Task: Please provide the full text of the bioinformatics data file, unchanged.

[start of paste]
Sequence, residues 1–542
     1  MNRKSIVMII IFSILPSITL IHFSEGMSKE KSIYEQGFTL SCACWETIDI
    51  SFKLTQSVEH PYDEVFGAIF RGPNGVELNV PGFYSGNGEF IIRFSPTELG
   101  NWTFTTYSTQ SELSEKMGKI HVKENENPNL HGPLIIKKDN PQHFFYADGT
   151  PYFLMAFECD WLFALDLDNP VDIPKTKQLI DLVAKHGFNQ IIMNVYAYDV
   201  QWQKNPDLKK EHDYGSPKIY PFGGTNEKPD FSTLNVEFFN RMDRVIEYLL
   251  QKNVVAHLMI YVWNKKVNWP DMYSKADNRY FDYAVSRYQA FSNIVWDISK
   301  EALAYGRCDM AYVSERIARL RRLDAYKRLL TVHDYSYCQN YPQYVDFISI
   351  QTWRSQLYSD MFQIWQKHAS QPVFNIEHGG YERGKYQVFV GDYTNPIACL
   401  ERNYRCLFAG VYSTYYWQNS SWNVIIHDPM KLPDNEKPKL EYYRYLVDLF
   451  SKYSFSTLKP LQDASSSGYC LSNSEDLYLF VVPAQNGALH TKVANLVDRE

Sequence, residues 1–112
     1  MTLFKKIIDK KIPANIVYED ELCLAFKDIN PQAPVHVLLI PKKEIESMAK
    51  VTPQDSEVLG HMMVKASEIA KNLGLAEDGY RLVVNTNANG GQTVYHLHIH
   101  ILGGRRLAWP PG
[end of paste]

Sequence, residues 1–542
     1  MNRKSIVMII IFSILPSITL IHFSEGMSKE KSIYEQGFTL SCACWETIDI
    51  SFKLTQSVEH PYDEVFGAIF RGPNGVELNV PGFYSGNGEF IIRFSPTELG
   101  NWTFTTYSTQ SELSEKMGKI HVKENENPNL HGPLIIKKDN PQHFFYADGT
   151  PYFLMAFECD WLFALDLDNP VDIPKTKQLI DLVAKHGFNQ IIMNVYAYDV
   201  QWQKNPDLKK EHDYGSPKIY PFGGTNEKPD FSTLNVEFFN RMDRVIEYLL
   251  QKNVVAHLMI YVWNKKVNWP DMYSKADNRY FDYAVSRYQA FSNIVWDISK
   301  EALAYGRCDM AYVSERIARL RRLDAYKRLL TVHDYSYCQN YPQYVDFISI
   351  QTWRSQLYSD MFQIWQKHAS QPVFNIEHGG YERGKYQVFV GDYTNPIACL
   401  ERNYRCLFAG VYSTYYWQNS SWNVIIHDPM KLPDNEKPKL EYYRYLVDLF
   451  SKYSFSTLKP LQDASSSGYC LSNSEDLYLF VVPAQNGALH TKVANLVDRE

Sequence, residues 1–112
     1  MTLFKKIIDK KIPANIVYED ELCLAFKDIN PQAPVHVLLI PKKEIESMAK
    51  VTPQDSEVLG HMMVKASEIA KNLGLAEDGY RLVVNTNANG GQTVYHLHIH
   101  ILGGRRLAWP PG